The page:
"Hey honey," I enthusiastically said into the phone, "What time does your plane get in?"
"Uh, I don't know, I'll figure it out," Case replied, distractedly; his head still in his classes at school.
There is tremendous satisfaction in sending one's kids off into the world, but it's also reassuring to see them returning home for the holidays. Case is in his sophomore year at the University of Arizona and he's pretty much got the rhythm down. As is appropriate, he's grown incredibly independent.
Me? I'm still struggling with parenting l-o-n-g distance - I can't seem to help myself. I want assurances that Case has booked the shuttle bus to the airport, has checked in online, and has his ID in his wallet. I suppose it's a mother's prerogative; I reserve the right to "mother" my boys (or was that smother?) In any event, my elder son will be home this evening and that's cause for celebration.
Of course, this is the season when the concept of "home" resonates like no other; when celebrations tend to dominate our social calendars and why shouldn't they? Traditions are a wonderful thing. In spite of the challenges the world is facing (or perhaps because of them) Thanksgiving aligns our priorities and sets the stage for the very, "merry" season that follows. Along with the merriment, I find it fitting to pause and acknowledge the many gifts, for which I am truly grateful today -
Our younger son, Tristan, is coming off a fantastic football season his Freshman year at Piedmont High; my husband, Cliff, continues to work at what he loves, still makes me laugh, and remains dedicated to us all; and Case has adjusted beautifully to college life, while diligently navigating his studies (or so he tells me). As for me, I've enjoyed my most successful year to date with a busy 2012 spring season on tap.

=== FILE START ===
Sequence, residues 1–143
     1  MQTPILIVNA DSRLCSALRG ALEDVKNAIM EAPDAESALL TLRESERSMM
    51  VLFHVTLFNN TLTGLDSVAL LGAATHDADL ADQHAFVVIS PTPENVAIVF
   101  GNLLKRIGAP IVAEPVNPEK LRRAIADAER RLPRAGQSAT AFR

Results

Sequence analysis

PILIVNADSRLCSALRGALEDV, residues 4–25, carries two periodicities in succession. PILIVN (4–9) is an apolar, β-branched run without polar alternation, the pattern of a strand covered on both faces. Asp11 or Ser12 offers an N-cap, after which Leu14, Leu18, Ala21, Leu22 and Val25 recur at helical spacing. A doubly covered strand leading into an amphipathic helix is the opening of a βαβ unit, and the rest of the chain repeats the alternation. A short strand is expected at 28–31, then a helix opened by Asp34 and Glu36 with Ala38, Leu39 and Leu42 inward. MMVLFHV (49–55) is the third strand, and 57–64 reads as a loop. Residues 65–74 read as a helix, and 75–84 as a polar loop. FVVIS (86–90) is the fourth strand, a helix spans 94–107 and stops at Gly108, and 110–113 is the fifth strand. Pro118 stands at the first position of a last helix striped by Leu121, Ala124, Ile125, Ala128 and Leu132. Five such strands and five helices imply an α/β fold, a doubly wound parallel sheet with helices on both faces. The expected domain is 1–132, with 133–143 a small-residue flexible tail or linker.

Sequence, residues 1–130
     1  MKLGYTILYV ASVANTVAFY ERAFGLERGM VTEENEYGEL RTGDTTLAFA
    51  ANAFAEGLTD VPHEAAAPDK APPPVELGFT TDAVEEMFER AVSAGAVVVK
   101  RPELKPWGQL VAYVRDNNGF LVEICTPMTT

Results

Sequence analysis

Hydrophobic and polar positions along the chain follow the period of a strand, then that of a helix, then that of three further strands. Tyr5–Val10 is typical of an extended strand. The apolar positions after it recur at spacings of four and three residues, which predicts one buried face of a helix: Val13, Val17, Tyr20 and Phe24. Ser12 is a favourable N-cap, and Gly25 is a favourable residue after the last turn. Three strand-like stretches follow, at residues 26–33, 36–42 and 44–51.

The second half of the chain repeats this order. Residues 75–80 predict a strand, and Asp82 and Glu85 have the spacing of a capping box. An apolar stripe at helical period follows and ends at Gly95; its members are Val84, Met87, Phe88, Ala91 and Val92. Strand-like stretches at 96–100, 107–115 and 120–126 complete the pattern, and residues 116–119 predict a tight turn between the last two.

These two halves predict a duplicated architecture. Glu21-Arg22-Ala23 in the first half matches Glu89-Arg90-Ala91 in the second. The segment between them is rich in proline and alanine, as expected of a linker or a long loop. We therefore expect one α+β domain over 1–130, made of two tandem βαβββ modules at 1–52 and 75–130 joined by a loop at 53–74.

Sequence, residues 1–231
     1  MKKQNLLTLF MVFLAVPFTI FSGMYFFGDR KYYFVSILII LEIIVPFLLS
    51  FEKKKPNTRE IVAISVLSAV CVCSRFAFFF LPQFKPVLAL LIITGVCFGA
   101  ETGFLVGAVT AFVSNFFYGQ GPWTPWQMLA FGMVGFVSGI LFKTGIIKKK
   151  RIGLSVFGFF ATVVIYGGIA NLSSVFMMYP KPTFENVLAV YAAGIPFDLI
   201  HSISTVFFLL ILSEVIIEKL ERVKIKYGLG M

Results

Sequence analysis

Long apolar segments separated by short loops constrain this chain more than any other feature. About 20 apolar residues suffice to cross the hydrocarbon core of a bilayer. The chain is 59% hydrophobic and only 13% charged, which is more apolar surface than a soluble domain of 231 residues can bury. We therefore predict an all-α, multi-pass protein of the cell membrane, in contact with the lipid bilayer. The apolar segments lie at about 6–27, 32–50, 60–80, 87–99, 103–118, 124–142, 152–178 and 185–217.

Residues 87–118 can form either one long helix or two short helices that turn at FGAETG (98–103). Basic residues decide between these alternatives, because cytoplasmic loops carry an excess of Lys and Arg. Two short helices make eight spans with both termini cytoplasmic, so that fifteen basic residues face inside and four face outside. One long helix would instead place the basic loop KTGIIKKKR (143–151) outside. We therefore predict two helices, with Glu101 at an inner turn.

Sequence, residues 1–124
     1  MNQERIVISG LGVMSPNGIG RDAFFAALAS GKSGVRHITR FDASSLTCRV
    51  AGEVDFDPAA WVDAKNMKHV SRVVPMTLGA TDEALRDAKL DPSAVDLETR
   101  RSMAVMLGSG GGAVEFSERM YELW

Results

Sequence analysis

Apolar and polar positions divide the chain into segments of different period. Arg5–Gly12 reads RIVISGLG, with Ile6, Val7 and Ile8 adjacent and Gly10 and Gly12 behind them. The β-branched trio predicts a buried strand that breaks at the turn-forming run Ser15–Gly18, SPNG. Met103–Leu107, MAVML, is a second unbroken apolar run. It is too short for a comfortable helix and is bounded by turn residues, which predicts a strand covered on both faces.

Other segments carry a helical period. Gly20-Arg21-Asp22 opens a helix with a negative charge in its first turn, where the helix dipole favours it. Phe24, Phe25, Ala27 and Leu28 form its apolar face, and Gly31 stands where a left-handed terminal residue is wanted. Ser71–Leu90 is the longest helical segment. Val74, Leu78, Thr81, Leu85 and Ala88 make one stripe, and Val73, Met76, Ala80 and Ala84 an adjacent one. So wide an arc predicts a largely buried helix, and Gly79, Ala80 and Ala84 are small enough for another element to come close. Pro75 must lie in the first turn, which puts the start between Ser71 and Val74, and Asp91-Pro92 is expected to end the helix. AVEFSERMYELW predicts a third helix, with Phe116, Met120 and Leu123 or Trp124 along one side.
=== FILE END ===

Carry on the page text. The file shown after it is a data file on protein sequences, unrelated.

I was reminded just how lucky I am at a good friend's chili cook off last weekend (just a small gathering of more than 125 emphatic Cal and Stanford football fans! ) and was pleased to know so many people in the room; grateful to have carved a place in our picturesque community and happy to call Piedmont "home." It couldn't have been a nicer evening - in spite of the rain (now that's a great party). Moreover, the chili was unbelievably tasty. BUT it was catching up with new and old friends alike, and the lively conversations that ensued, that truly made the evening resonate - even days later. (I'm all aglow!)
It's turkey time again, and it would be remiss of me to not to give THANKS for all that I have and all that I've been given. It's been a truly worthwhile year, largely due to all of you, to your support, and because of your referrals, your friendship and your belief in me. (Did I say "thank you?") Thank you.
I hope you have a wonderful Thanksgiving with family and friends and I wish you all a joyous season. Gobble, gobble.
I'll be sending out the Perspective every other week, as I do this time of year. There's are fewer introductions to speak of and we all tend to get very busy. It will ramp back up come February, when the Spring Market begins to bloom.
Julie Gardner, referred to as, "the pulse of Piedmont," has been writing The New Perspective for 11 years.